Unionisation of Workers in the Sex Industry
Beginning in June 2018, sex workers active in the Women’s Strike Assembly begun a unionisation drive of workers across the UK sex industry with the grassroots union, United Voices of the World. We organise with both irregular migrants and workers with secure immigration status. Because of how current laws and policies criminalise many aspects of sex work, the unionisation campaign has begun with a focus on organising strippers and dancers in clubs and pubs. By working together, standing up for each other and making our voices heard we can improve our working conditions.
The union offer workers the ability to collectively negotiate about workplace rules and conditions – with both bosses and also the local councils.
The union is the only way that we will be able to get our bosses and clients to treat us with the dignity and respect that we deserve.
The union is also the only way we will be able to put a stop to things like extortionate high house fees, arbitrary changes to commission structures, fines for being late or having to cancel a shift, blacklisting and sexual harassment by managers or bouncers.
Even though the first phase of the unionisation campaign is focusing on organising workers in clubs and pubs, all workers in the sex industry (except those who have the ability to hire and fire sex workers) are encouraged and welcome to join the union.
Why? Because by beginning with the most visible and legal workers in the adult entertainment industry we will be able to gain the necessary experience, skills and strength in numbers to then move into organising workers who work in brothels, escort agencies, on the internet and in the street.
We want to unionise the sex industry because we want to build collective power. We are not interested in passing judgement on what type of work people do. We recognize that many women, men and trans people have a diverse range of experiences in the sex industry – good, bad and ugly. We respect people’s choices or circumstances about continuing to work in the sex industry or exiting the industry. The reason we want to unionise the sex industry comes directly from our experiences as workers.
The union will be worker-led not because we think that being a ‘stripper’ or a ‘sex worker’ is a fixed identity, but because those who have experienced the material conditions of the industry are in the best position to know how to change it.
The union provides a space for workers to negotiate with bosses, develop bargaining skills and increase our confidence to organise at work and change the industry in the interests of workers.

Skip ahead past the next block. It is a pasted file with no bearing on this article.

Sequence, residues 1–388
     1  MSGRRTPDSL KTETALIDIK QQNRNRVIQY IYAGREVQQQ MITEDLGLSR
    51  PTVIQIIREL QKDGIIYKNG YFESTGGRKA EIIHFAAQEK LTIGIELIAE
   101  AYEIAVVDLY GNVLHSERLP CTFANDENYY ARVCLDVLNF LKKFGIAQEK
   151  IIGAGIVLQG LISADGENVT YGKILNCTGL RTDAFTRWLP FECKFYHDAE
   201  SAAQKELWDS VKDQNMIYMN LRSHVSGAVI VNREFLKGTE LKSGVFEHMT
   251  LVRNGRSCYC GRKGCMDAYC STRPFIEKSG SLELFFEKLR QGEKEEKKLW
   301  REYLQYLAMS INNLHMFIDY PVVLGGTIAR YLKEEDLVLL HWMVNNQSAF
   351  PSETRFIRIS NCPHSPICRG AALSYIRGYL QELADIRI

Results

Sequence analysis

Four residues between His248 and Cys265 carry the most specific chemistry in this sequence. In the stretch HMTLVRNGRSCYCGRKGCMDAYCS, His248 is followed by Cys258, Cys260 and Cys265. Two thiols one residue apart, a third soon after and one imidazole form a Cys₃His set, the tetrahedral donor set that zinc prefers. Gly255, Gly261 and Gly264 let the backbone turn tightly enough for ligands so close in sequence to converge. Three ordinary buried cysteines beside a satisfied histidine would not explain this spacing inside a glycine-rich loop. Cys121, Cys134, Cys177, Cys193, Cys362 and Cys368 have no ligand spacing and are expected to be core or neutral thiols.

Decriminalising sex work and changing local council policies for sexual entertainment venues.
The current laws that regulate what workers can and can’t do with our bodies and the continued efforts to criminalise our workplaces make it difficult, at times nearly impossible, for workers to organise and unionise. One of the main reasons is that we are not considered to be workers. At best we are classified as self-employed (and as such have very few labour rights) but most of the time we are treated as victims in need of saving and rescue.
For the last decade, national governments and local authorities have used concerns about trafficking in the sex industry as a cover to create a hostile environment for migrants in the sex industry. Raids on premises, closure of clubs, arrests and deportations have done next to nothing to address instances of forced and coerced labour in the sex industry. Instead, bosses now have even more power and migrant workers have been forced further underground and into more dangerous and precarious sex work. It is important to remember that just like in other industries where migrants make up a large section of the workforce, when workers stand up together, refuse to be divided by ‘race’ and unionise, we are able to confront injustice and exploitation. However, because of the current criminalisation of the sex industry, unionisation will only get us so far.
At the same time as increasing our confidence and power at work (which is another way to explain what a union is), we also need campaign for the full decriminalisation of sex work and changes to the policies regarding sex entertainment venues.
We need a union at work and we need to change national legislation that affects our work.
What we want is the removal of all laws that criminalise the organising, selling or buying of sex for all sections and sectors of the industry and for any consensual sexual activity. What we don’t want are special or moral laws that zone sex work and contribute to stigmatising sex workers by singling out our work as inappropriate and make us more vulnerable to abuse by cops, immigration officials and members of the public by relegating it to peripheral areas.
The reason we need to do both at the same time is to ensure that decriminalisation is in the interest of workers and not just bosses. We need policies that will help us gain employment rights (sick pay, pensions, regulated hours) and focus on increasing our safety at work.
Decriminalisation without unionisation means that workers will bear the full force of the market.